1. A flow control washer for use in plumbing fixtures or the like including a generally cylindrical body formed of a distortable rubberlike material, a plurality of circumferentially arranged water passages extending axially through said body, a plurality of projections extending outwardly from at least one end of said body there being a projection generally adjacent each water passage, said projections being integral with said body and, under pressure, distorting to restrict the openings into said passages for controlling the flow of water through said passages with variations in applied water pressure.
2. The flow control washer of claim 1 further characterized in that said water passages all have the same diameter.
3. The flow control washer of claim 1 further characterized in that said water flow passages are generally equally circumferentially spaced, with all passages having their axes the same radial distance from the center of the body.
4. The flow control washer of claim 3 further characterized in that there is a projection positioned between each pair of adjacent water passages.
5. The flow control washer of claim 4 further characterized in that the center of each projection is generally on a circle whose center is the center of the body and whose radius is equal to the radial distance of the passage axes from the center.
6. The flow control washer of claim 1 further characterized in that the ends of said body are symmetrical, there being an equal number of projections, similarly spaced, extending from both ends of the body.
7. The flow control washer of claim 1 further characterzed by differently sized projections extending from opposite ends of said body.
8. A shower head including a spray forming assembly, means for attaching said spray forming assembly to a water conduit including a mounting member, means formed adjacent one end of said mounting member for attaching it to a conduit, an opening in the opposite end of said mounting member, a cylindrical chamber formed in said mounting member adjacent said opening, a flow control washer positioned within said cylindrical chamber and adjacent said opening, said flow control washer including a generally cylindrical body formed of a distortable rubberlike material, a plurality of circumferentially arranged water passages extending.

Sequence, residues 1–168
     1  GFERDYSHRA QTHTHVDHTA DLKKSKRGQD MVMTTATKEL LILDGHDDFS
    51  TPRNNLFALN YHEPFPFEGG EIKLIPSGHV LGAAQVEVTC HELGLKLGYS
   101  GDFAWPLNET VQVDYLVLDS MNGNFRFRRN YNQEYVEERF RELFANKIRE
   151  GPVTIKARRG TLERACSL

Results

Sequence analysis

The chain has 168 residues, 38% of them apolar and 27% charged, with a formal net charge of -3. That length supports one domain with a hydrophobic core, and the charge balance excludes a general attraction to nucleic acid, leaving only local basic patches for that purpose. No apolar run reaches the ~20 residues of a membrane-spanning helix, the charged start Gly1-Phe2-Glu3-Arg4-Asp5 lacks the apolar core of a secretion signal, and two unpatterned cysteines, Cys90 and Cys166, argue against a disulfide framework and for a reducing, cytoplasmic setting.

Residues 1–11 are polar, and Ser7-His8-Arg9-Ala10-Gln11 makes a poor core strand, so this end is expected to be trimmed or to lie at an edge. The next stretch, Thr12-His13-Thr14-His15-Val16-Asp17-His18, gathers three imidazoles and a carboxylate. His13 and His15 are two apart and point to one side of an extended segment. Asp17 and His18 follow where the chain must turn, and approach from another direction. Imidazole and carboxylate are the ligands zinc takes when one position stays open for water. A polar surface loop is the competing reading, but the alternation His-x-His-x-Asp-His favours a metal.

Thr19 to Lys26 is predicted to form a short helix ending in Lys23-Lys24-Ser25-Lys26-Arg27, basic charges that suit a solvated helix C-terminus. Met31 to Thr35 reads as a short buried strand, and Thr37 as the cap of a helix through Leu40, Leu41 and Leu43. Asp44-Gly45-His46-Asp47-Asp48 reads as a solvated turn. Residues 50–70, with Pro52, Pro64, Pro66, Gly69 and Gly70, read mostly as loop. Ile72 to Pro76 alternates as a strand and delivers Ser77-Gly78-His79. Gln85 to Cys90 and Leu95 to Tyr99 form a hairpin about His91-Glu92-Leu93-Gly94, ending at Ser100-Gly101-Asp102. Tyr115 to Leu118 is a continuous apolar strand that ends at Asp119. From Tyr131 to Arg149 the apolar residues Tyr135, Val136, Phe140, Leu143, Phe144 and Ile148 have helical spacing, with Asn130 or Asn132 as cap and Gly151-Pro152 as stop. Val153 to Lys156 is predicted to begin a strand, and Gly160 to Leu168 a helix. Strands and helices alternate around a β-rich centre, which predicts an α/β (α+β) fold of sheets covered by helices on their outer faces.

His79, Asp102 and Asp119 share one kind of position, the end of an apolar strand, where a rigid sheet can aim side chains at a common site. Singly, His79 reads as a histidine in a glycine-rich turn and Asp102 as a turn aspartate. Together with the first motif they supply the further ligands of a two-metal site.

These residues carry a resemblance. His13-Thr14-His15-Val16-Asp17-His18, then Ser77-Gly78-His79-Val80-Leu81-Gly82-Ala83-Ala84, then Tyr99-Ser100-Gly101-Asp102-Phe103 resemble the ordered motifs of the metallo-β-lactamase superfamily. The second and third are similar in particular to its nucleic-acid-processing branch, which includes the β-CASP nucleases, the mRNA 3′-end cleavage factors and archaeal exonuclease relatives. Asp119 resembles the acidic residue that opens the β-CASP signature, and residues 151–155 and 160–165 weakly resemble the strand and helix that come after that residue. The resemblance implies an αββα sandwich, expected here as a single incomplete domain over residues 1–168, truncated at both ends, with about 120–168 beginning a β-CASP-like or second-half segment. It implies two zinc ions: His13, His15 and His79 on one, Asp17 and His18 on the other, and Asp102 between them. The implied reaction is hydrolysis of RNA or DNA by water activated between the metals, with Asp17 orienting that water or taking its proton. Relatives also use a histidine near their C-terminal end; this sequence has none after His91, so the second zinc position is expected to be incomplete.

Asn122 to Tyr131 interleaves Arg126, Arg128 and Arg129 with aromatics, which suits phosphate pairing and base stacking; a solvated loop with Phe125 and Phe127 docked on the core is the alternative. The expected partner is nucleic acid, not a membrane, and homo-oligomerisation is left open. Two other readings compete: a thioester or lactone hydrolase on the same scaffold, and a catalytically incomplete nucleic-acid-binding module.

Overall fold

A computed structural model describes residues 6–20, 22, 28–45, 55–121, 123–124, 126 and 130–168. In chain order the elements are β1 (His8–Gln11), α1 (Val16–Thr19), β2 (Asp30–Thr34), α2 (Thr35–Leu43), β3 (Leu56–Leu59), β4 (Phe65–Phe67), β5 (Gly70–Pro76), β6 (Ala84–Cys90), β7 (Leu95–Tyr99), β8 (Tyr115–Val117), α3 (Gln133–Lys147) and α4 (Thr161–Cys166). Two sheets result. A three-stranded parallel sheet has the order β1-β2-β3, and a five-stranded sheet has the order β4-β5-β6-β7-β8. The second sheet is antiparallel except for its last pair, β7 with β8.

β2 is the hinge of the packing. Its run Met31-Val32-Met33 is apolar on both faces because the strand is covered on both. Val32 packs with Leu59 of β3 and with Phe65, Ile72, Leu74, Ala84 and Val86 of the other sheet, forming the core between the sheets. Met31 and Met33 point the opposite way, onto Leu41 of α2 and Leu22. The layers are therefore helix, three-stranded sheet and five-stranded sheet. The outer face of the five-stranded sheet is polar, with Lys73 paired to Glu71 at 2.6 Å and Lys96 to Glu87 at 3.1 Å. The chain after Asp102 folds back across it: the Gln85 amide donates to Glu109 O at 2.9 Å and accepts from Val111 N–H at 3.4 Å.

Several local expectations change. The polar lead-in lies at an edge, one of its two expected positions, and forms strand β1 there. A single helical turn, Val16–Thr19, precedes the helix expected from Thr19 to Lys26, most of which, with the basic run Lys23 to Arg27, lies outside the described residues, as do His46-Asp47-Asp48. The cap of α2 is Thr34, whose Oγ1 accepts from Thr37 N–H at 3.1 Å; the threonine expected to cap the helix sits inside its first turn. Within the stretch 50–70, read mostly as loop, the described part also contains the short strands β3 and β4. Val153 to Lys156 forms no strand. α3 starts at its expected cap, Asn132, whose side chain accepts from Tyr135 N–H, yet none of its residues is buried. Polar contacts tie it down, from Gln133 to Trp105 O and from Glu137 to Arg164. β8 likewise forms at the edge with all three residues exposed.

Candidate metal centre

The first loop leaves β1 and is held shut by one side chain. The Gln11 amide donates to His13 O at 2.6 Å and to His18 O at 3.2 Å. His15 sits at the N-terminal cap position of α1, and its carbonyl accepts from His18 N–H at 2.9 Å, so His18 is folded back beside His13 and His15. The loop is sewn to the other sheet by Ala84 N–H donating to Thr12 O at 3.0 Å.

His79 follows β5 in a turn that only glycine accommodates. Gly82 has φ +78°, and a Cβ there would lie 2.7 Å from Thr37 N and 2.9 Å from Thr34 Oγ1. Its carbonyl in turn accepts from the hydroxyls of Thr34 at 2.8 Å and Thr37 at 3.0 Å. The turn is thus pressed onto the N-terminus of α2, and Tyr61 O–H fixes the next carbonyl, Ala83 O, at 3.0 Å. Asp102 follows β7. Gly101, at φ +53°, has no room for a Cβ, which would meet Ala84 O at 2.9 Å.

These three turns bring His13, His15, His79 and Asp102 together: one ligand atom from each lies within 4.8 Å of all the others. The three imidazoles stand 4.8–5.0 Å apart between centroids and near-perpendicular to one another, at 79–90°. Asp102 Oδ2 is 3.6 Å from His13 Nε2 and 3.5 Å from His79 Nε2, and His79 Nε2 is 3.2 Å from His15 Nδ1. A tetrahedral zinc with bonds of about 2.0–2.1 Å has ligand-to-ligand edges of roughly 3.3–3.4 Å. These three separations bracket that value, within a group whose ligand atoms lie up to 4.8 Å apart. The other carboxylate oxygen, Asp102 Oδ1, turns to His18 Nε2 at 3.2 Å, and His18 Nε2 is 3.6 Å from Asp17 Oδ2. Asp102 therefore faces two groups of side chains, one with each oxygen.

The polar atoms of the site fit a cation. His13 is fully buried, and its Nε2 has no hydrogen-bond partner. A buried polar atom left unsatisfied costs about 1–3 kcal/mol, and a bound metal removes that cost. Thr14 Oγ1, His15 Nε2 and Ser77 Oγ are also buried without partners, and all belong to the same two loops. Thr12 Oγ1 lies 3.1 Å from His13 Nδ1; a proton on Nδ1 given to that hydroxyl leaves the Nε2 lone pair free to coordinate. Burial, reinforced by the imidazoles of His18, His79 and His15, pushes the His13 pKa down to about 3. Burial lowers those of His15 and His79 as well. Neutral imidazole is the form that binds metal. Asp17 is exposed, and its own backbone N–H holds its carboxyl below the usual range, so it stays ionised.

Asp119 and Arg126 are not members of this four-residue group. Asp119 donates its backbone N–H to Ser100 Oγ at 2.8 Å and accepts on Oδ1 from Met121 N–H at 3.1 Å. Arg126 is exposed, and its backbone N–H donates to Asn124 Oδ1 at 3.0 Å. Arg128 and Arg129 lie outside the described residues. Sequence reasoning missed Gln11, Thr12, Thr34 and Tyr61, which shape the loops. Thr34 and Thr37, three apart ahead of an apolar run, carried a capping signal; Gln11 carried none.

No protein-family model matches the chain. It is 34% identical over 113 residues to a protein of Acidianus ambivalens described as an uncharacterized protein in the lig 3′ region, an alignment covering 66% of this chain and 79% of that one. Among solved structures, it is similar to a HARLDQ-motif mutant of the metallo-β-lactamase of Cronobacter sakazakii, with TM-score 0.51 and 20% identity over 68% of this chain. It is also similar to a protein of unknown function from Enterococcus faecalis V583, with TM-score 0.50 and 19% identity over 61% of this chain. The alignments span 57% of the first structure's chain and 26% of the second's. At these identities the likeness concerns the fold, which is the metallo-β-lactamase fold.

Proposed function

axially through said body and in communication with said mounting member opening, a plurality of projections extending outwardly from both ends of said body, there being a projection generally adjacent each water passage, said body being symmetrical with the projections on opposite ends being similarly arranged, said projections being integral with said body and distortable under pressure to restrict the openings into said passages for controlling the flow of water through said passages with variations in water pressure applied to the upstream end of the body.
9. The shower head of claim 8 further characterized in that said water passages all have the same diameter.
10. The shower head of claim 8 further characterized in that said water flow passages are generally equally circumferentially spaced, with all passages having their axes the same radial distance from the center of the body.
11. The shower head of claim 10 further characterized in that there is a projection positioned between each pair of adjacent water passages.
12. The shower head of claim 11 further characterized in that the center of each projection is generally on a circle shoe center is the center of the body and whose radius is equal to the radial distance of the passage axes from the center.